The show started a little late to accommodate all the people who had to check in their phones (suckers) and kicked off with Ardie Fuqua as his first opening act. I wasn’t super familiar with Fuqua’s work, though he did look familiar. He’s appeared on Louie a few times, which is probably where I knew him from. He was one of the comics that was in the car crash with Tracy Morgan and he had a very funny bit about that. He was a good hype man to get the crowd ready for the show and he had some decent jokes, but overall wasn’t super memorable. Solid, but nothing to write home about. The second opening act was Dave Attell, who I have seen live multiple times and is always a fun time. He kept pushing the envelope to see how offensive he could be with the crowd, but we proved to be people who aren’t easily affronted, much to his delight. He perhaps got the biggest laugh of the night with a very inappropriate (but not untrue) joke at the expense of Schenectady – a neighboring city to Albany. Local humor that has a streak of truth to it is comedy gold.
For some reason, after Attell’s set they decided to have an intermission, which personally I always think is a really dumb idea. What’s the point of getting the crowd primed for the opening act if you are then going to let them cool off for fifteen minutes. Maybe it builds anticipation or something – I have to assume that Chris Rock and his people know better than I do – but it seemed silly to halt the momentum that was building in the crowd. Plus that was 15 more minutes without my phone and I was starting to show stages of withdrawal.
Finally, the lights once again dimmed and it was time for the man of the hour, Chris Rock. And he was really everything that I hoped he would be. His delivery is always great and so distinctive that you can’t help imitating him when re-telling a Chris Rock joke, almost to the point of parody. He touched on a lot of topics that night – politics, race relations, his recent divorce, gun control – and though I’m not sure everyone in the audience agreed with him (this is upstate New York, after all), it didn’t really matter because the jokes were so solid. I don’t want to spoil any of his punchlines or set-ups since that would ruin the upcoming Netflix specials, but I can say that based on what I experienced they will definitely be worth watching. He may have stepped away from the stand-up game for a minute, but he hasn’t lost anything off his fastball. And honestly, it was just kind of thrilling to be in the same room as him, watching him do his first love; my seats weren’t amazing, but they were close enough to be able to clearly experience all of Rock’s facial expressions. He must have been on stage for close to 80 minutes, which means that we definitely got our money’s worth. I’d see him again in a heartbeat.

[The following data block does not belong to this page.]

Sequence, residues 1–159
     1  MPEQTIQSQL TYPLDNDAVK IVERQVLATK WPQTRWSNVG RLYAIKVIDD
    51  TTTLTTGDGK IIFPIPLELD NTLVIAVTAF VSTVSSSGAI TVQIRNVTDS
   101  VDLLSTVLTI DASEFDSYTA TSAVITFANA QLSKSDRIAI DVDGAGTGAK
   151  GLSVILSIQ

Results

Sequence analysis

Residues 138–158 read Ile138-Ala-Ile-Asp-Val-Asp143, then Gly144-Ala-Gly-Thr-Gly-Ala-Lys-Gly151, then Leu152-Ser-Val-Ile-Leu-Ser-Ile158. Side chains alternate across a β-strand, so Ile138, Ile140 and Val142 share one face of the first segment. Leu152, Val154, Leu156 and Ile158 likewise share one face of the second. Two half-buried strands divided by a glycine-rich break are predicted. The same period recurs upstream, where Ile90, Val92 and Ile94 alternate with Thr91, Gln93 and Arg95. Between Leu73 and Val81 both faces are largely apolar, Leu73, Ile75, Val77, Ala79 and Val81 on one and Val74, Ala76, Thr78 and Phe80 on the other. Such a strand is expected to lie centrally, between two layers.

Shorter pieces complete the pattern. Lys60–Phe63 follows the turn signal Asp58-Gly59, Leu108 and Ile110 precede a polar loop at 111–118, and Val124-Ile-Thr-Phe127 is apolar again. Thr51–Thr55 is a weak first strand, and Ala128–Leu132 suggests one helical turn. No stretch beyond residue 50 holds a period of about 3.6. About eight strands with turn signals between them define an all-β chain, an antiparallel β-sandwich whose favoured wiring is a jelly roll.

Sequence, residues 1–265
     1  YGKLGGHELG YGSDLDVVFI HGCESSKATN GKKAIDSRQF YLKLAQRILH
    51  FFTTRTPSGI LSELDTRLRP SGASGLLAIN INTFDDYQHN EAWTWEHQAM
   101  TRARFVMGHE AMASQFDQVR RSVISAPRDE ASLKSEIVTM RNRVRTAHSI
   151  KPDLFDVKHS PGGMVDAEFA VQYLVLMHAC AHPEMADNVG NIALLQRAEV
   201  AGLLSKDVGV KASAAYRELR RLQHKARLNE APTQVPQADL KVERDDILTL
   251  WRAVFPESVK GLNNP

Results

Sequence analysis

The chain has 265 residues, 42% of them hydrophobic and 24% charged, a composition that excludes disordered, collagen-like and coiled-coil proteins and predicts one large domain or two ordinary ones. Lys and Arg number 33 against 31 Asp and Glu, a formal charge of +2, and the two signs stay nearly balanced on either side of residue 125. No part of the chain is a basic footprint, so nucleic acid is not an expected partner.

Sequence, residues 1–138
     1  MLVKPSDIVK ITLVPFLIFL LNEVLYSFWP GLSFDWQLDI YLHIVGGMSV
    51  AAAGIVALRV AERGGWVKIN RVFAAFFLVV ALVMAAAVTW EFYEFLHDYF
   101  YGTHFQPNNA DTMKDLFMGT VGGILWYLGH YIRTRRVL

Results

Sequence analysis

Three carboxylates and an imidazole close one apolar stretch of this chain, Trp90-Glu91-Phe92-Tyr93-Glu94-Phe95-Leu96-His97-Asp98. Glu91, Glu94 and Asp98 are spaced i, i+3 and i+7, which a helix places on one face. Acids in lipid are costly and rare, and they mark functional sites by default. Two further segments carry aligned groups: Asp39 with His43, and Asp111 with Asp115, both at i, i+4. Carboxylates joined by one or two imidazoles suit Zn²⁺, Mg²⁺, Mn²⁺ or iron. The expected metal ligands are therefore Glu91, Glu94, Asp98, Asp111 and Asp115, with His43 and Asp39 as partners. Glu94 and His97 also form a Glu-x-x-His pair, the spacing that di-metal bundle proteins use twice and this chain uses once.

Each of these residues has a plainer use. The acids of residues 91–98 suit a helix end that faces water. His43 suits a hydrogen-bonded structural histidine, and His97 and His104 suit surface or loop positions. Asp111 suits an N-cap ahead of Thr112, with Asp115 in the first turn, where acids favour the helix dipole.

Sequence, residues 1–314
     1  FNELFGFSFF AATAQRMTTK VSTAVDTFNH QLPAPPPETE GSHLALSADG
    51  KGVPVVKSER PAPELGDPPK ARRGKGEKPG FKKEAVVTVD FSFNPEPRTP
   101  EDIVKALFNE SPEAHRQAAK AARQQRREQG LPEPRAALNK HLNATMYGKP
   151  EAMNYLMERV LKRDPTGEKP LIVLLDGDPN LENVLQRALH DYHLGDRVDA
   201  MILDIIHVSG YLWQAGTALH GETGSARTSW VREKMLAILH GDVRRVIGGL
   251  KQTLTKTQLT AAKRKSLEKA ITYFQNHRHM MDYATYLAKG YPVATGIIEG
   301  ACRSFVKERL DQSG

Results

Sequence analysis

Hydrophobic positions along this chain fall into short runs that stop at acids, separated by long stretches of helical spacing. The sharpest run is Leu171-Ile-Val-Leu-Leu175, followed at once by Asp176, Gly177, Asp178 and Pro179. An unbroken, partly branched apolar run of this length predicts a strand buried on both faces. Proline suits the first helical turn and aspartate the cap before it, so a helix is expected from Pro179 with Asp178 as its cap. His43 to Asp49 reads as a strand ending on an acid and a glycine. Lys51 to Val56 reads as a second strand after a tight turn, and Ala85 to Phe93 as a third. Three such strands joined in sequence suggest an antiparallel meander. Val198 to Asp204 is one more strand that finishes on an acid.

If Chris Rock is the only concert/stand-up that I go to see in 2017, I would be OK with that. After waiting so long to finally see him live, he 100% delivered and met my lofty expectations. I’m still excited to watch his upcoming Netflix special, even if I’ve already heard most of the material. His stuff only improves with repeated viewing. He was very open and honest with this new material – especially when it comes to his divorce – and it’s great to have him back on the stand-up scene, for however long that is.
Chris Rock’s Total Blackout tour continues through June.